All this is not to meant to play down the impact of the music. From the off it’s clear we are in safe hands. The Bee Gees hits – including some from other parts of their catalogue besides Saturday Night Fever – are brought gloriously to life. And unlike the film we have the three Bee Gees on stage , along with the brilliant six-piece band, to perform the numbers.

There’s an undeniable challenge with the piece, though. It’s not really a musical and the disco numbers are not constructed like typical musical theatre songs. They don’t build. They’re written as dance floor fillers and so they launch straight into the meat of the song from the beginning and stay their for three minutes. And this lack of a build denies us the big, applause generating finish. At the same time it’s clear the audience really enjoys the music and dance moments purely for what they are, regardless of the somewhat gritty story in which they find themselves.

Ultimately I think this production is treading a careful balance between celebrating the Bee Gees disco era and telling the story of Tony Manero and his life on the wrong side of the Brooklyn Bridge. If on seeing the show you invest in the latter you’ll enjoy the former all the more.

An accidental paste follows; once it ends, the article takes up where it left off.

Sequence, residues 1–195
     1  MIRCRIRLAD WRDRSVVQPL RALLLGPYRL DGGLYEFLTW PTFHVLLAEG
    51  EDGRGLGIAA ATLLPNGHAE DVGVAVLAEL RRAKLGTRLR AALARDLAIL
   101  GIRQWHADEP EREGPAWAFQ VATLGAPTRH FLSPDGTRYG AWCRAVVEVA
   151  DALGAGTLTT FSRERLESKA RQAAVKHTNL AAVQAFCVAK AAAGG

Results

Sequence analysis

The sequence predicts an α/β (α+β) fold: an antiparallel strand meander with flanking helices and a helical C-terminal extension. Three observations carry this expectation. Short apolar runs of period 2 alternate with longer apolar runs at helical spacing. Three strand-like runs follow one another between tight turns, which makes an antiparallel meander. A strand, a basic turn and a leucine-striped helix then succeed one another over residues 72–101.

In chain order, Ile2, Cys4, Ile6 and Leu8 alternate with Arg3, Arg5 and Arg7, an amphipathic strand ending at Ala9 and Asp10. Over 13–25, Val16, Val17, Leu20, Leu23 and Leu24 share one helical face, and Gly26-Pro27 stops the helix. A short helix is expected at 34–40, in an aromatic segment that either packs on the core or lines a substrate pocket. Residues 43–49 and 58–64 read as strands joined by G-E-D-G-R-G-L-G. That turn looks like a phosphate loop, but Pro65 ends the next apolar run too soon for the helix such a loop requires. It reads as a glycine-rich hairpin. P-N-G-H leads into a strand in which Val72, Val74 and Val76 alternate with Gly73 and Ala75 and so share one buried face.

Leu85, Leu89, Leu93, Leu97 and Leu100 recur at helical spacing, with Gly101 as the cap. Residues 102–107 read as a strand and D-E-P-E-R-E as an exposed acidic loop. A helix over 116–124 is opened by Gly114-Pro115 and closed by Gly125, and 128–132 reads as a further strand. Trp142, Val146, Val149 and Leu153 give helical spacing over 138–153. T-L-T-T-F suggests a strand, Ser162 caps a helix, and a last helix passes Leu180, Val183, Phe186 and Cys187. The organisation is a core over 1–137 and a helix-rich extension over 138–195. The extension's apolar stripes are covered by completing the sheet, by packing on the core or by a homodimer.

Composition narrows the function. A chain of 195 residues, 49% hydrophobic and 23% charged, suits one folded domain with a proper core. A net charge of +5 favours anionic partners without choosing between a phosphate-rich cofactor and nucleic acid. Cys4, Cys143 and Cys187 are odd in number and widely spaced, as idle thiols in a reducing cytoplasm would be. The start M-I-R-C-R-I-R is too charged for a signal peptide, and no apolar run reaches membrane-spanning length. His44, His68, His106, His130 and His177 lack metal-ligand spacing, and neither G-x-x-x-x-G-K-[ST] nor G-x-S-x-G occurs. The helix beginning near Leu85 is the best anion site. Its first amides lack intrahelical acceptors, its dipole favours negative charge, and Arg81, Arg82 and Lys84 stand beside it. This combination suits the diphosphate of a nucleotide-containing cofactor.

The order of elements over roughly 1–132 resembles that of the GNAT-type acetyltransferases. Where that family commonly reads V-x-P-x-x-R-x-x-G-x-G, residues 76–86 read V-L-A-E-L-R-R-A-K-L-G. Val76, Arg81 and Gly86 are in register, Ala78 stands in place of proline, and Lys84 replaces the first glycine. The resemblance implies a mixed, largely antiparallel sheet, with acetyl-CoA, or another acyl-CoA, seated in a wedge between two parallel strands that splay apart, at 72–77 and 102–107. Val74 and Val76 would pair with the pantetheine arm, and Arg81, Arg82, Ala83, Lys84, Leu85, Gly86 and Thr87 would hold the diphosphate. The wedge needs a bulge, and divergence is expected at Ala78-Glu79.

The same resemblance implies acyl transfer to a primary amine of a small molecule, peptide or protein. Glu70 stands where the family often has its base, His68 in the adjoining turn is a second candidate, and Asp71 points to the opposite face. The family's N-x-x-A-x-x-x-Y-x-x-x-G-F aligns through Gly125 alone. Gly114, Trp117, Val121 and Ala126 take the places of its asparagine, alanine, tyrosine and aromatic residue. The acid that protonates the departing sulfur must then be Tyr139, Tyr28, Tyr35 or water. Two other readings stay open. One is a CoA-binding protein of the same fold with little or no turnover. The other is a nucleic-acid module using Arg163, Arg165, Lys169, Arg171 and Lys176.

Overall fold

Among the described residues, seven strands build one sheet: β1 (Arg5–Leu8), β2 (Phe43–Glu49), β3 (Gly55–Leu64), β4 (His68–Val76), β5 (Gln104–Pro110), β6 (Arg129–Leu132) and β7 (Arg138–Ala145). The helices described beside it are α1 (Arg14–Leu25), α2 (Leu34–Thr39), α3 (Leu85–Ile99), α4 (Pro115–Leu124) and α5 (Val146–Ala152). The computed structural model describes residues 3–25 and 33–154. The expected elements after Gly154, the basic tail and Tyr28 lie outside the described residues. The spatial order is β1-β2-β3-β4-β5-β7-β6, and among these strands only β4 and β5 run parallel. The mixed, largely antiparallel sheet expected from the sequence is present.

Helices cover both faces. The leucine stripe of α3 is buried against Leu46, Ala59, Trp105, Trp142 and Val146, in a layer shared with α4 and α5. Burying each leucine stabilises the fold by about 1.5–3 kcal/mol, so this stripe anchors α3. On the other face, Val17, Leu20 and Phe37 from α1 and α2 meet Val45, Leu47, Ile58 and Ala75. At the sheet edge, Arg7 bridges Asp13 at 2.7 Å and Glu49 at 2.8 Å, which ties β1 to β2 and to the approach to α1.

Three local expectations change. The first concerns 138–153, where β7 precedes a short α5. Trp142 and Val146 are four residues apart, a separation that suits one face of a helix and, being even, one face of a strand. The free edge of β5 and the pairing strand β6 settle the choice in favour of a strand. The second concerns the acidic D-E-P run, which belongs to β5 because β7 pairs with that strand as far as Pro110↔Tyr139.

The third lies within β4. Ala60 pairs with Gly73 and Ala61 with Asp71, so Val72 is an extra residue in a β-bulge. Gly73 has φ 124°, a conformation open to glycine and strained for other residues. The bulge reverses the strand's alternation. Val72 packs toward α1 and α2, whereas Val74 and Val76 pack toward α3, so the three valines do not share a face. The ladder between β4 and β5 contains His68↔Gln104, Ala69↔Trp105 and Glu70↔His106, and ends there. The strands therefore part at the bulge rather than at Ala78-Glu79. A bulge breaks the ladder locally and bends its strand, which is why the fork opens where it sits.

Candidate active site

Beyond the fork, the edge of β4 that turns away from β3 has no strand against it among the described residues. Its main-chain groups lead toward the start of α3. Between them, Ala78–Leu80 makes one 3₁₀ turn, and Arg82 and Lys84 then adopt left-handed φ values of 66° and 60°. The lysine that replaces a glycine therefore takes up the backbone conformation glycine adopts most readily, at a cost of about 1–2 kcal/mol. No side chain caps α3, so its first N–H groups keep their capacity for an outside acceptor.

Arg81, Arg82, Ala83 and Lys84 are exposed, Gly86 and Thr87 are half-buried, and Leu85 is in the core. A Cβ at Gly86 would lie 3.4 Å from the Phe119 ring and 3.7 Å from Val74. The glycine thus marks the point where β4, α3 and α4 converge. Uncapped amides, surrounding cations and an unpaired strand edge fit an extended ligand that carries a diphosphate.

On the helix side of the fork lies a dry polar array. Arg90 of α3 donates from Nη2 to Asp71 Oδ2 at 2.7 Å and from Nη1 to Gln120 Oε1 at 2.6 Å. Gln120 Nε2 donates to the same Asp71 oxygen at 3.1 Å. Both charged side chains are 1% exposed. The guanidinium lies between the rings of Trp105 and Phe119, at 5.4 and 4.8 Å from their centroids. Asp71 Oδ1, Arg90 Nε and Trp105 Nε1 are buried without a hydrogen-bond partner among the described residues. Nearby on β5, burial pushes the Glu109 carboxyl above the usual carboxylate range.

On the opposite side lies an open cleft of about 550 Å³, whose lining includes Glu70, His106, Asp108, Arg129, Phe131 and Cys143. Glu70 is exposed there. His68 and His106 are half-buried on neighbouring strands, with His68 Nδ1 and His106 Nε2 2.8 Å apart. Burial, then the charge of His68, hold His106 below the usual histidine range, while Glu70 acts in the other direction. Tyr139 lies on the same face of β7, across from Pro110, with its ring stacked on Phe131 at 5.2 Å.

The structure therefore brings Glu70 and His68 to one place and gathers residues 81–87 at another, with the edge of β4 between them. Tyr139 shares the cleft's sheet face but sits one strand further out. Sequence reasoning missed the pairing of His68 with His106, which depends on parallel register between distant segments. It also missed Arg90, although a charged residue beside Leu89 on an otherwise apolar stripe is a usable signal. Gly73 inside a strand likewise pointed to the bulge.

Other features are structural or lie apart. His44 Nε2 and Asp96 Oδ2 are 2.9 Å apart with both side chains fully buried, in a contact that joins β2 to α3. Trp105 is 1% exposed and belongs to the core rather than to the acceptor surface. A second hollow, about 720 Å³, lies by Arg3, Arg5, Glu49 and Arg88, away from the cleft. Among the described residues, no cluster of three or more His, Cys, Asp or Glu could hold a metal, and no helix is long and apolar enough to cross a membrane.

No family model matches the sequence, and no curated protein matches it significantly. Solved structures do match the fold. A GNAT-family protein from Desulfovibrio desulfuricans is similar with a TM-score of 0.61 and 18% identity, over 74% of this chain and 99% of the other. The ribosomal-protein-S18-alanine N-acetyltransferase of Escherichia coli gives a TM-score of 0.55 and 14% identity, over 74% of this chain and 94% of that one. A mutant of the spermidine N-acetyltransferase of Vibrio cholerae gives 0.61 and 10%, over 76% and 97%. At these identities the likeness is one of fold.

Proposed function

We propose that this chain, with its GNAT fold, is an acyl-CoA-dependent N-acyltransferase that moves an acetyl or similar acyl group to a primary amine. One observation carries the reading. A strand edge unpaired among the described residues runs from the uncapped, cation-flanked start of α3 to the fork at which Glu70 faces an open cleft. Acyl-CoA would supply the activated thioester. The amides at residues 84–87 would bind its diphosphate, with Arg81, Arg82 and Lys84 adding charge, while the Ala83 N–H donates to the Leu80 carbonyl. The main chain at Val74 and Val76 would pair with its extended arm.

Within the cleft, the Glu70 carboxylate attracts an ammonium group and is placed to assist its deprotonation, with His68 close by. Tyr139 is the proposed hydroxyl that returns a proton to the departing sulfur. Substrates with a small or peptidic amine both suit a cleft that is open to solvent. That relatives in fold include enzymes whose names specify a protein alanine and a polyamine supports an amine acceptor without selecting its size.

Review – Snow White at The London Palladium *****

The Palladium panto is establishing itself as a highlight on the theatrical calendar, with 2017’s Dick Whittington earning an Olivier award. The cast has become something of an institution in the process with Julian Clary, Nigel Havers, Gary Wilmot, Paul Zerdin and West End (and now Broadway) star Charlie Stemp returning. They are joined this year by Danielle Hope in the title role and Strictly Come Dancing stars Vincent and Flavia as a speciality act.

The show itself is routine panto stuff, with jokes and routines very like those to be seen, for example, at the Orchard Theatre’s Aladdin. This is partly because a proper panto requires a certain adherence to tradition (even when it comes to the jokes!). Also because the shows share the same production company – including many of the creatives.